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Updates on the use of Simulation Based Medical Education within this Speciality
Since the very beginning of medical simulation, Anaesthetists have taken a leading role in its development. Anaesthetising patients causes both predictable and unpredictable rapid changes in their physical state; alongside this the clinical situation is further complicated by both patient co-morbidities and the surgery itself.
Simulation provides an excellent method of training anaesthetists to manage these changes and to practice for common and rare critical incidents, so that if they occur in real life the anaesthetist is better prepared.
In the North East of England all our new anaesthetists attend a simulation-training course to give them an understanding of the scope and difficulties of anaesthetic practice prior to undertaking their first “on-call” anaesthetic. This is built upon at later stages in training with further critical incident training with a focus on non-technical skills and paediatric emergency management courses.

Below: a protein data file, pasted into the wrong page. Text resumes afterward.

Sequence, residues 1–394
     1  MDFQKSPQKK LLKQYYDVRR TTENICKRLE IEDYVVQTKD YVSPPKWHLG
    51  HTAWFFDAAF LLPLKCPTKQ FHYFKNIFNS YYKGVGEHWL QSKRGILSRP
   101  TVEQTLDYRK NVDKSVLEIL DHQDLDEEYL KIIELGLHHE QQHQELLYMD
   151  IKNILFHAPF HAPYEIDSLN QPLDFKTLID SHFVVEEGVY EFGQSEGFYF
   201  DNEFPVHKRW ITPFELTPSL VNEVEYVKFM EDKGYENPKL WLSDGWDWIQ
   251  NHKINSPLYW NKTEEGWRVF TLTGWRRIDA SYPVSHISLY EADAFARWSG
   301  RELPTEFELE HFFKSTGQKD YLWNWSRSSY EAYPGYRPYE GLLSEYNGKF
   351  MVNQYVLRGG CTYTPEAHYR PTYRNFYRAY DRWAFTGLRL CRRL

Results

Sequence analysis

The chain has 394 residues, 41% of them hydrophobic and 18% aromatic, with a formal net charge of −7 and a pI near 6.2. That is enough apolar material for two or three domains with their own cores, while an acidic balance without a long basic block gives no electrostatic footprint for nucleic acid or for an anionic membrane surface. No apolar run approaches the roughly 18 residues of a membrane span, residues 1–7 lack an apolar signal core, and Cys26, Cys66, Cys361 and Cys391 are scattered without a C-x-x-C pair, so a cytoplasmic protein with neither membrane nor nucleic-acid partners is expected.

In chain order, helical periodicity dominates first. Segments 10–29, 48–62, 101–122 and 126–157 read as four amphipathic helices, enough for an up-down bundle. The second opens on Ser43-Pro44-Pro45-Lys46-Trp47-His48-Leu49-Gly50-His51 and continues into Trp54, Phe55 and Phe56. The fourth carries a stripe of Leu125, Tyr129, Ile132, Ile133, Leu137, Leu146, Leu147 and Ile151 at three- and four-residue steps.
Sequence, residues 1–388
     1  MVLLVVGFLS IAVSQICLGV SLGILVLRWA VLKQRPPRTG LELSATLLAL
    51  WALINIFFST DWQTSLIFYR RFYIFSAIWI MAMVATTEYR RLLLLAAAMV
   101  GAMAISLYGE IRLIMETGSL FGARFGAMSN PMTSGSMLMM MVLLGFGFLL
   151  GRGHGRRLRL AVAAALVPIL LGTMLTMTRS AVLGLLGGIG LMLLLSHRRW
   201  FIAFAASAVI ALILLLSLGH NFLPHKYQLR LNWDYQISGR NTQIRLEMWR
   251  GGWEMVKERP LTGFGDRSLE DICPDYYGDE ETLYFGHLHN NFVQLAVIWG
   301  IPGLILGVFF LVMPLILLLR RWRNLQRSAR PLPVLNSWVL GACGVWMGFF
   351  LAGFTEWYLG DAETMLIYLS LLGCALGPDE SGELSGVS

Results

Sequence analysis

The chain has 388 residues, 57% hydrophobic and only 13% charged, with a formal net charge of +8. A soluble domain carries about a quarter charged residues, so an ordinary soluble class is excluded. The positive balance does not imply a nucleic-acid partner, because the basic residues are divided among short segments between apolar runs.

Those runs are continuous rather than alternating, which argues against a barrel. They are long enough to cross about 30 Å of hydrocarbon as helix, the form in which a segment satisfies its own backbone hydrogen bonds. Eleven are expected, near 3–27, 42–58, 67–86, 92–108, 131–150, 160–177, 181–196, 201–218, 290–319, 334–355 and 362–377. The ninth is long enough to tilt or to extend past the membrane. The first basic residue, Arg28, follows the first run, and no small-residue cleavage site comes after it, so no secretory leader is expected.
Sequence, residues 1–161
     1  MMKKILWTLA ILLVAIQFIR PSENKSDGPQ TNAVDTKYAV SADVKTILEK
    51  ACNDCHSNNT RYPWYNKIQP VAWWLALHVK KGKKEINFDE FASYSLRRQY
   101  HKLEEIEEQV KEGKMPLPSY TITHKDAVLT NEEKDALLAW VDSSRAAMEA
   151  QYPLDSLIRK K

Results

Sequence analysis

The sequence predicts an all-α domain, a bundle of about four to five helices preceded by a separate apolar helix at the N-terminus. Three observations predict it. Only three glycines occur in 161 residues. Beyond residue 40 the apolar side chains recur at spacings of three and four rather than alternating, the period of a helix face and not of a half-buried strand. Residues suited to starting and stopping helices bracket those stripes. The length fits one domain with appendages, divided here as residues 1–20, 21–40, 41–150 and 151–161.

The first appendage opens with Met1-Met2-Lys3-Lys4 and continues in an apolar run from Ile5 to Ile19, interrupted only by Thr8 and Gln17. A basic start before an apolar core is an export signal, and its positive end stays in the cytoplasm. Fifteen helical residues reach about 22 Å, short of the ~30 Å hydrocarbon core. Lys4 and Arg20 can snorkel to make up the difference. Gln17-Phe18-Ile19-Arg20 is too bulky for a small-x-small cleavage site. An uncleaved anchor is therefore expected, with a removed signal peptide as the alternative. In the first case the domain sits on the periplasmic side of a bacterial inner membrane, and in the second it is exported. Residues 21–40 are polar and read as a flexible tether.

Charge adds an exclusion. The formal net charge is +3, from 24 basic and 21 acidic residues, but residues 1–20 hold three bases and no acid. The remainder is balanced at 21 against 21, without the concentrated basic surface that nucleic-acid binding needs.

With the development of Intensive Care Medicine as a separate specialty, new challenges around acute and chronic medical management and multi-disciplinary team management arise. These have led to the development of specific simulation programs to address some of the difficulties encountered in daily practice and rare events. Intensive care units around the North East are developing the use of in-situ simulation both to train and to “system test” their protocols, seeking to eliminate latent threats to patient safety.
Dr Ian Hunter
Academic Lead for Simulation and Human Factor
Consultant in Anaesthesia and Intensive Care Medicine
South Tees NHS Foundation Trust